Hindus and Muslims have for decades been bitterly divided over the 16th-century Babri mosque in Ayodhya, a city in Uttar Pradash state.
Tensions boiled over in 1992 when Hindu zealots destroyed the mosque, sparking religious violence that killed 2,000 people. The Supreme Court is expected to conclude on Oct. 17 hearings into appeals against a key 2010 court ruling that both groups should split the site, with Hindus granted the lion’s share.
The restrictions under section 144 of the Code of Criminal Procedure prohibiting more than four people to assemble were first imposed on Aug. 31, Ayodhya’s district magistrate Anuj K. Jha said on Sunday, but were tightened further on Saturday.
“The order has been issued considering safety and security of Ayodhya and those visiting here as Govt’s paramount concerns,” Jha tweeted late on Sunday.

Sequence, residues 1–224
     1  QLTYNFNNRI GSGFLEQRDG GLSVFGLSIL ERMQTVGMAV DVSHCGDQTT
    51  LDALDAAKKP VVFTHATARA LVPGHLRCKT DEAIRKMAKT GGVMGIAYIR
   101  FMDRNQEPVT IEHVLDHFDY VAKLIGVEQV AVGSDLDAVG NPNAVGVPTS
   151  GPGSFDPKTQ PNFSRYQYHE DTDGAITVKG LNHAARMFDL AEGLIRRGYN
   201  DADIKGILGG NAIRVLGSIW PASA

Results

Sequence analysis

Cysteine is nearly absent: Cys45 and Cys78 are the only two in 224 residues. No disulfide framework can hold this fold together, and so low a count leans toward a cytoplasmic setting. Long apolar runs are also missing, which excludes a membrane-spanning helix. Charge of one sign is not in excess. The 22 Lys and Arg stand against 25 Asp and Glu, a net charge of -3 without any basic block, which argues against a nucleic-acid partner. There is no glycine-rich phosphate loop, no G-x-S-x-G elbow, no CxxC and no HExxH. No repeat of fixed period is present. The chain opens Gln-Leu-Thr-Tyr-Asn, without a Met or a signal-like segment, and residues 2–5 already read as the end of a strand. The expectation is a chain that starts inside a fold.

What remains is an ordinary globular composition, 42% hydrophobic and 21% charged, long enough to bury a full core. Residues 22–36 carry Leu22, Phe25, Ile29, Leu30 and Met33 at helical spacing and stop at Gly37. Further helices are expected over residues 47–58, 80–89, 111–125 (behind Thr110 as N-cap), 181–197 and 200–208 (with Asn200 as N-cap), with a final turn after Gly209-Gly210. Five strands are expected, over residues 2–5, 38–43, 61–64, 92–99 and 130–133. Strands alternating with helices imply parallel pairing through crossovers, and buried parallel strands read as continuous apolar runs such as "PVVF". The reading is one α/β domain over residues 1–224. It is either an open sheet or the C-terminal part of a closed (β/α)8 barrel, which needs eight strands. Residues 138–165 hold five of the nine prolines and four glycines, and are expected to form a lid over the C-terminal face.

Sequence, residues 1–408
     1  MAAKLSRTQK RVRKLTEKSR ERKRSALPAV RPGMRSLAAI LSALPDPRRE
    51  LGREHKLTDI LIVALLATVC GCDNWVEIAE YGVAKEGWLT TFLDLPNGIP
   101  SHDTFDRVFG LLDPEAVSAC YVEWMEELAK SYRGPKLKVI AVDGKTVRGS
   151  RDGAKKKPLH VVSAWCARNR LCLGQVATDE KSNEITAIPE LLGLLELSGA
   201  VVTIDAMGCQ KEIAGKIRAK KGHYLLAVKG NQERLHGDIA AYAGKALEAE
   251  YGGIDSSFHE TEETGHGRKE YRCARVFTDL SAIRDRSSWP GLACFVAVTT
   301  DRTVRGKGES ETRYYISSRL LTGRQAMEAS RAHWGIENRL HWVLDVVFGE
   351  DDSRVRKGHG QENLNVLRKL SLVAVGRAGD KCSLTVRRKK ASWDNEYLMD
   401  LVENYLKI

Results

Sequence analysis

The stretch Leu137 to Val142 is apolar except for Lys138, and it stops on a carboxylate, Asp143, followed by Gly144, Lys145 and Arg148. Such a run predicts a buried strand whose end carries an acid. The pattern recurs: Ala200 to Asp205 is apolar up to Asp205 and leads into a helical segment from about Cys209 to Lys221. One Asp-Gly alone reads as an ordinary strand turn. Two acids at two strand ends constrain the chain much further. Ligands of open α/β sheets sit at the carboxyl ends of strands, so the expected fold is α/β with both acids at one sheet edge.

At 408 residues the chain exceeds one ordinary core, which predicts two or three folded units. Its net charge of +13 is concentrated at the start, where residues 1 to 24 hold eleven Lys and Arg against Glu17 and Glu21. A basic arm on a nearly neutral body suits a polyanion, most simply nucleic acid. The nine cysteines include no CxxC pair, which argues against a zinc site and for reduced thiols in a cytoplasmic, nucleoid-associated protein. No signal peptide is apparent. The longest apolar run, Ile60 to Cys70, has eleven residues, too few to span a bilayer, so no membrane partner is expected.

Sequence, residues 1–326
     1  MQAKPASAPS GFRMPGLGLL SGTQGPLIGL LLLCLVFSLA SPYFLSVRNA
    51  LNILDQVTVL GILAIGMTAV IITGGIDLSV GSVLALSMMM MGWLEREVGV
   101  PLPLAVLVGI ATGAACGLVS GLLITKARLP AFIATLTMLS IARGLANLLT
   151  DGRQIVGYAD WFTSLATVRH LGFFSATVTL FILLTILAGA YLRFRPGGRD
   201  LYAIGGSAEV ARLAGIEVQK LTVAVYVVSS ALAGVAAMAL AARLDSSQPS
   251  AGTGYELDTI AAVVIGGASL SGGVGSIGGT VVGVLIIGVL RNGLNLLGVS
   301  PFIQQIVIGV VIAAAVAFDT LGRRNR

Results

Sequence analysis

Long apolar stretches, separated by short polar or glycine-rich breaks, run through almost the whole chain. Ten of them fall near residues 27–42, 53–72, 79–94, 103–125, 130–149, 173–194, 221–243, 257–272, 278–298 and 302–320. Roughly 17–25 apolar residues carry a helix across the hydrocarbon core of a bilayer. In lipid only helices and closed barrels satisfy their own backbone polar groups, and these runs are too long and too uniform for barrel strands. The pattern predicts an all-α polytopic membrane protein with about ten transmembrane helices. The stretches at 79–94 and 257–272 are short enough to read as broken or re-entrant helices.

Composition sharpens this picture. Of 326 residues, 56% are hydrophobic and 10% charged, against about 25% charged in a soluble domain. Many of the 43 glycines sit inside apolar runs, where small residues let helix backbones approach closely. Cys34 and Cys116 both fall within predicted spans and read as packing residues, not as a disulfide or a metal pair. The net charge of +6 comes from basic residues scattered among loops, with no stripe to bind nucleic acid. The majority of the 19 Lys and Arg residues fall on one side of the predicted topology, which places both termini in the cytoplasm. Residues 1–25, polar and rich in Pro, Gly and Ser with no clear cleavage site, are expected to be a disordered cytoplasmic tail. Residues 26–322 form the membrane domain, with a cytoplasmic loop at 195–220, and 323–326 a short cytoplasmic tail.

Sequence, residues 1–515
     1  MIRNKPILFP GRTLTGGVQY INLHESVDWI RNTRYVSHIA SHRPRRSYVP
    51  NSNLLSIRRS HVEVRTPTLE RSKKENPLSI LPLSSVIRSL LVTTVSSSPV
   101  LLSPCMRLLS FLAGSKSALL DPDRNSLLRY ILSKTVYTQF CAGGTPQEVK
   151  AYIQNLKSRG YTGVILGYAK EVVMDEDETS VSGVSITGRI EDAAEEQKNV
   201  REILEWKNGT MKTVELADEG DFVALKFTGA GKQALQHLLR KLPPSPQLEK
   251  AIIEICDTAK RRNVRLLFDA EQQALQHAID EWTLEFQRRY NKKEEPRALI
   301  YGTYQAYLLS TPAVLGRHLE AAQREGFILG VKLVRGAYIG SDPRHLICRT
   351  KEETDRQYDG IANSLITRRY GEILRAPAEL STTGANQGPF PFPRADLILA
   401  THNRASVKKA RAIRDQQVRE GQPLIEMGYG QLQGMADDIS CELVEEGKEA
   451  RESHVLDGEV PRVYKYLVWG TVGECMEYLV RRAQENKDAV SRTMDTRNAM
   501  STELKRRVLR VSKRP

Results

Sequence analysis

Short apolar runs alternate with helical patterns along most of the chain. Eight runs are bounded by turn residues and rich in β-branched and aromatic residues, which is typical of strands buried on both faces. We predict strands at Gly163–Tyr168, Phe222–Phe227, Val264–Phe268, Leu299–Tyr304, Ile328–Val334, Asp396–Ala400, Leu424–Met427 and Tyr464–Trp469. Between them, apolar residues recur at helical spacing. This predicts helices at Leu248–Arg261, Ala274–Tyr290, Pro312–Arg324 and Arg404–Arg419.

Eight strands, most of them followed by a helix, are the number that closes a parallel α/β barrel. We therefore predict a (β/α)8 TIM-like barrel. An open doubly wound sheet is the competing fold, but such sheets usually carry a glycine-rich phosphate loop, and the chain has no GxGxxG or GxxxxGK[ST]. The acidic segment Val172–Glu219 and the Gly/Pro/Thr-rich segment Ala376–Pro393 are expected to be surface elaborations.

The new orders said that “drones, unmanned aerial vehicle, unknown flying objects or anything that can be weaponized are banned without prior permission from district authorities.” The district also banned firecrackers popular during this time of the year when Hindus mark several major religious festivals, some involving Hindu deity Ram who they believe was born in Ayodhya.
The orders will be in place under Dec. 10. The Supreme Court is expected to hand down its ruling before Chief Justice Ranjan Gogoi retires on Nov. 17.
Many Hindus believe the medieval mosque that stood there for 460 years was only built after the destruction of an earlier temple. Prime Minister Narendra Modi’s Hindu nationalist party has campaigned on constructing a new temple on the site of the razed mosque.